I have no idea what Mersenne was thinking but my first guess was that he had read his Anselm. There, he learned that the idea of God is the idea of a being that exists both in reality and in the understanding ("imagination"). So if God does not exist in reality, then in fact we cannot even have the idea of God, since that is the idea of a really existing being. And if what we can have an idea of is a good guide to what is possible (as your typical French rationalist will hold) then if God is not actual, he is not even possible.

But it may (and probably more likely) be the "independence" line of reasoning you mention. God is by definition uncaused and eternal. If there is no such being to start with, so to speak, then there is no way to produce him later.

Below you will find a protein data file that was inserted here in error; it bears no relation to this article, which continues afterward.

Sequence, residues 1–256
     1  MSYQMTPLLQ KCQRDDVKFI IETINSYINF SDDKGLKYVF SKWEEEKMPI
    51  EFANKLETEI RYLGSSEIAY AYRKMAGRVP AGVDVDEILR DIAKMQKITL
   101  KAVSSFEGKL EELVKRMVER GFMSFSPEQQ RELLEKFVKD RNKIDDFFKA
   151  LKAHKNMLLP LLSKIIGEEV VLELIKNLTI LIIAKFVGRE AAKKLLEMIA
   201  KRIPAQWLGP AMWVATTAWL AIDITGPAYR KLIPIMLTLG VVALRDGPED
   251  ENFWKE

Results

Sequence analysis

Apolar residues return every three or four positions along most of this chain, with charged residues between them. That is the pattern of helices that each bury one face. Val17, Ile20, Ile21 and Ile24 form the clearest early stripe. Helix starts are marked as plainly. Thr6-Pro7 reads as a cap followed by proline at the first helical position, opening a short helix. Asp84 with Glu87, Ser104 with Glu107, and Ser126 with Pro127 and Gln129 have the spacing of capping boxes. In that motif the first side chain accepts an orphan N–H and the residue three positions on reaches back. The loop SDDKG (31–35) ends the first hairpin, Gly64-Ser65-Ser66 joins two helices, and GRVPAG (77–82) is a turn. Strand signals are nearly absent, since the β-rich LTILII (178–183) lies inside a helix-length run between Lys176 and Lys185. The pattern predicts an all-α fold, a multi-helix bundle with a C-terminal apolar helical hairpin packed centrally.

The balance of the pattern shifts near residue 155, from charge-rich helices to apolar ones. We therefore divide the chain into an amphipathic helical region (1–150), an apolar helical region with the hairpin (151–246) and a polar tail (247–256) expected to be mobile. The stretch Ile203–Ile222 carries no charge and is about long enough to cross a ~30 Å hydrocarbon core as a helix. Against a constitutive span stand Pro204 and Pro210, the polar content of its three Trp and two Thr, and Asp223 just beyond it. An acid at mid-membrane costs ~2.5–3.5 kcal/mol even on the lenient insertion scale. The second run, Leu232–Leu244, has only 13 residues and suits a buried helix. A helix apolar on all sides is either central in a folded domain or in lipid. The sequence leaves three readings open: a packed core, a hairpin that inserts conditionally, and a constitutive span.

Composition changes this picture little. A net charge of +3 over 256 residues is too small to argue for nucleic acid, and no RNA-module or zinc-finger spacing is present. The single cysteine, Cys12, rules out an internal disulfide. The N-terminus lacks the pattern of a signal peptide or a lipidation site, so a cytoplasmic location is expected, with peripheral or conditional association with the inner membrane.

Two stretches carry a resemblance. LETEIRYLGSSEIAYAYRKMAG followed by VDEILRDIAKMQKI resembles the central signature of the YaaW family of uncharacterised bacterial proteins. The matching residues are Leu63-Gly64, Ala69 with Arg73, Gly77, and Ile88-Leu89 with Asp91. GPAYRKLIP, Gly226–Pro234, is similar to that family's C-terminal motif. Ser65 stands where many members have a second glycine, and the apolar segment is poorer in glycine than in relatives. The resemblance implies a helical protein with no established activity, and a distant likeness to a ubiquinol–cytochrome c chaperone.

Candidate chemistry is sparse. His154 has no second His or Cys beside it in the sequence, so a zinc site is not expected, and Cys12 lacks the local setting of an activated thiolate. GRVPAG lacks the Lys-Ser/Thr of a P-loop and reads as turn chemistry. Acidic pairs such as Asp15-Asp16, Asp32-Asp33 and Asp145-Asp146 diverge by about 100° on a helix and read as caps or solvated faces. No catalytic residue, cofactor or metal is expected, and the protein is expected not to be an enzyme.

Alexander R Pruss said...

By the way, both my independence-based suggestion and the Anselm-based suggestion run need to explain why he doesn't doesn't give any argument when he first makes the claim on page 75 that "if there is no God, no independent being, it would be impossible that one exist". He does have Anselm's argument as a wholly separate argument quite some distance later (p. 114), and then a couple of pages even later, in the context of yet another argument, he gives the causal argument I cited.


I just read his discussion of Anselm's argument. He doesn't connect it with his remark that if God doesn't exist, he can't exist.

By the way, all in all, this is interesting when connected with Mersenne's later criticism of Descartes' ontological argument. There Mersenne will say that Descartes only proved that if God is possible, God exists. But in this earlier book, Mersenne is quite willing to endorse Anselm's argument. Either he changed his mind, or his criticism of Descartes is only meant to prompt Descartes to strengthen the argument rather than being a dissent from it.